10. ^ Raunig, G. (2010) “A Thousand Machines”. Semiotext(e): Los Angeles
  11. ^ Kølbæk Iversen, A. (2013) “The Matter is the Memory and the Memory is the Matter: interview with Luis Berrios-Negrón”. Social Design Public Action Reader, e.d Feireiss, L., Berlin: SLUM Lab Magazine: Columbia/ETH/Applied Arts Vienna
  12. ^ Kepes, G. (1965) “Education of Vision”, George Braziller, Inc., New York
  13. ^ Leckey, M. (2011) “See, We Assemble”, Serpentine Gallery, Koenig Books, London
  14. ^ Bowker, G.C. B, et al (2016) Boundary Objects and Beyond: Working with Leigh Star, MIT Press, New York
  15. ^ Gullar, F. (2014) “Neo-Concrete Manifesto.” History of Modern Latin American Art Course Reader. Spokane: Whitworth University
  16. ^ Wodiczko, K. (1999) “Critical Vehicles: Writings, Projects and Interviews”, Cambridge, MA: The MIT Press
  17. ^ Ortiz, F. (1947) “Transculturación narrativa en América Latina”. (Rama, A. ed. 1982), Siglo XXI: México, pp. 32–33.
  18. ^ Law, J. (2002) “Aircraft Stories”, Duke University Press, London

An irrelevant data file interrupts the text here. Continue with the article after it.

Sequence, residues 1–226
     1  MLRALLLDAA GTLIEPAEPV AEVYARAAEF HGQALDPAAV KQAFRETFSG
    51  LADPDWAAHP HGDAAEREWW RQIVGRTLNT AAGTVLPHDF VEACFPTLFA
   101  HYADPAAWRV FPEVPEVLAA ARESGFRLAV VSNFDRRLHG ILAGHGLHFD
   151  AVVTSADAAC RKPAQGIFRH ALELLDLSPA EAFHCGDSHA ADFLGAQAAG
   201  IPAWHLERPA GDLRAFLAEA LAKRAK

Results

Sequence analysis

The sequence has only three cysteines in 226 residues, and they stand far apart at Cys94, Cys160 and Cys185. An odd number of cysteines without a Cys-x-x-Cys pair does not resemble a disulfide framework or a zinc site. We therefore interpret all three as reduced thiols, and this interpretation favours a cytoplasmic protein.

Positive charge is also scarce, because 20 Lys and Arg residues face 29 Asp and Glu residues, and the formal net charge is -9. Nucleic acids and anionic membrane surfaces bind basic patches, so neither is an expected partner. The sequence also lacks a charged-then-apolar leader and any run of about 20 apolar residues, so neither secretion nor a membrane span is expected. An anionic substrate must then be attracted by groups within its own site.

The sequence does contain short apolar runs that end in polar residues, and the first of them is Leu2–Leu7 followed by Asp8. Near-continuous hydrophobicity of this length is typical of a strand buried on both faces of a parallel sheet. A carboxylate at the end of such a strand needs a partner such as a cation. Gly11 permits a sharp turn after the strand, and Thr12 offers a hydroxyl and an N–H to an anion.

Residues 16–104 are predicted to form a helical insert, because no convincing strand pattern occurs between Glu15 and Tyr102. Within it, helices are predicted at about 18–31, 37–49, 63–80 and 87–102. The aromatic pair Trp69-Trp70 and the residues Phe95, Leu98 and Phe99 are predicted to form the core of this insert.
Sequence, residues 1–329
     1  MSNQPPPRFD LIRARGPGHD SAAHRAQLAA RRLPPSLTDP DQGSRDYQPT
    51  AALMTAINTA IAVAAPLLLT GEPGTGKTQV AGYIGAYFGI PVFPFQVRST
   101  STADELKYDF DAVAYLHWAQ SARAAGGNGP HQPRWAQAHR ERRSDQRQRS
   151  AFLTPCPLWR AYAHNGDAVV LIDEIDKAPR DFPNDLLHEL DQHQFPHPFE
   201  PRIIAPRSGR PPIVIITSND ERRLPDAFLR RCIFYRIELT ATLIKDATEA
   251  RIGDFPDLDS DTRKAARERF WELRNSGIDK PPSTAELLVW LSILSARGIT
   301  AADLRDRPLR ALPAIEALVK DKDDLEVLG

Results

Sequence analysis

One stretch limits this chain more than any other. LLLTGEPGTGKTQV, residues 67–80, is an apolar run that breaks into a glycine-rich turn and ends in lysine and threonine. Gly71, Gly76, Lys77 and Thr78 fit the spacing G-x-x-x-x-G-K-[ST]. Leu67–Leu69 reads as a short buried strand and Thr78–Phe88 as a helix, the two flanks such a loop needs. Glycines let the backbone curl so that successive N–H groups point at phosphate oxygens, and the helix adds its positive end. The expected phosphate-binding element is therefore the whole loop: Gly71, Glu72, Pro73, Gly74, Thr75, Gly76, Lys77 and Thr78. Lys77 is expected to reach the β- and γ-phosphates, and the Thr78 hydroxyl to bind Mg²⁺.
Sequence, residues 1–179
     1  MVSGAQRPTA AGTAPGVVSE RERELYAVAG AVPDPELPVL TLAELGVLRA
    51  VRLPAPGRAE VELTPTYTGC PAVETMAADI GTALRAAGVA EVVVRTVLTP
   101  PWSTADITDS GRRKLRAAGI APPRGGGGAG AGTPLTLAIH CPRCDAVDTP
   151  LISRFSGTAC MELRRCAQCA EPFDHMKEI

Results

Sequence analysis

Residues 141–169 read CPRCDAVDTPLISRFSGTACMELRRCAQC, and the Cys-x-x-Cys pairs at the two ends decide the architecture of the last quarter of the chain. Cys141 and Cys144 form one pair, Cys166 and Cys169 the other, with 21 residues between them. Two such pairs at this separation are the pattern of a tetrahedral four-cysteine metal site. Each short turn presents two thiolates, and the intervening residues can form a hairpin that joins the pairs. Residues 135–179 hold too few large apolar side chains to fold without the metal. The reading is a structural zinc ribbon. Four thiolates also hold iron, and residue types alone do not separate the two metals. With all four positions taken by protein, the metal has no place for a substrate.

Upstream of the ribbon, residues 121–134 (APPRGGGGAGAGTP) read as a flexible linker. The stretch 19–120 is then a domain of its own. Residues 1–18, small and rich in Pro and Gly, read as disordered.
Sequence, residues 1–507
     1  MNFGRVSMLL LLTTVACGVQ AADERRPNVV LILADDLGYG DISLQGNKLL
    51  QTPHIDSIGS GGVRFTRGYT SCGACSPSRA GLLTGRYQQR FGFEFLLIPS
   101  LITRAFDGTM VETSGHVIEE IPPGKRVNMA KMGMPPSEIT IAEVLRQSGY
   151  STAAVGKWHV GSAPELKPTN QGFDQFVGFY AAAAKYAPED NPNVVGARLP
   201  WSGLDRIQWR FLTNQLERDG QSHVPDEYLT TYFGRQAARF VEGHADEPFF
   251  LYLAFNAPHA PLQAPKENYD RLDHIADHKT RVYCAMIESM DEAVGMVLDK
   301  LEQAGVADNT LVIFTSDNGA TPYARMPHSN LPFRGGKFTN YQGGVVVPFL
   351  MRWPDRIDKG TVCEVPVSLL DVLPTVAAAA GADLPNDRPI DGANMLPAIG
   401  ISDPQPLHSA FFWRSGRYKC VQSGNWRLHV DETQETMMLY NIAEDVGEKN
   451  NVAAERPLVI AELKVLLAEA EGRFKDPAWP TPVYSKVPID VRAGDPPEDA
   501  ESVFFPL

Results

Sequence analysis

19. ^ Berríos-Negrón, L. (2013) “Nonsphere XIII: Looming Greenhouse”, 3rd Biennial of Art of Bahia, catalogue of 3rd Biennial of Art of Bahia, published by Museum of Modern Art of Bahia, Salvador, Brasil
  20. ^ Berríos-Negrón, L. (2013) “Manners, Parameters, and the Gay Sciences: Realities from the Paramannerist Treatise”, Lukas Feireiss (ed.), Space Matters, Ambra Verlag, Vienna, 2013
  21. ^ Anxious Prop (Berríos-Negrón, L., et al, 2010) “Case 2: Eccentric”, (http://www.theanxiousprop.org/pdf/AXP_Case2_07-2010.pdf)
  22. ^ Anxious Prop (Berríos-Negrón, L., et al, 2011) “Case 4: Making Visible”, (http://www.theanxiousprop.org/pdf/AXP+CASE4_iFb.pdf)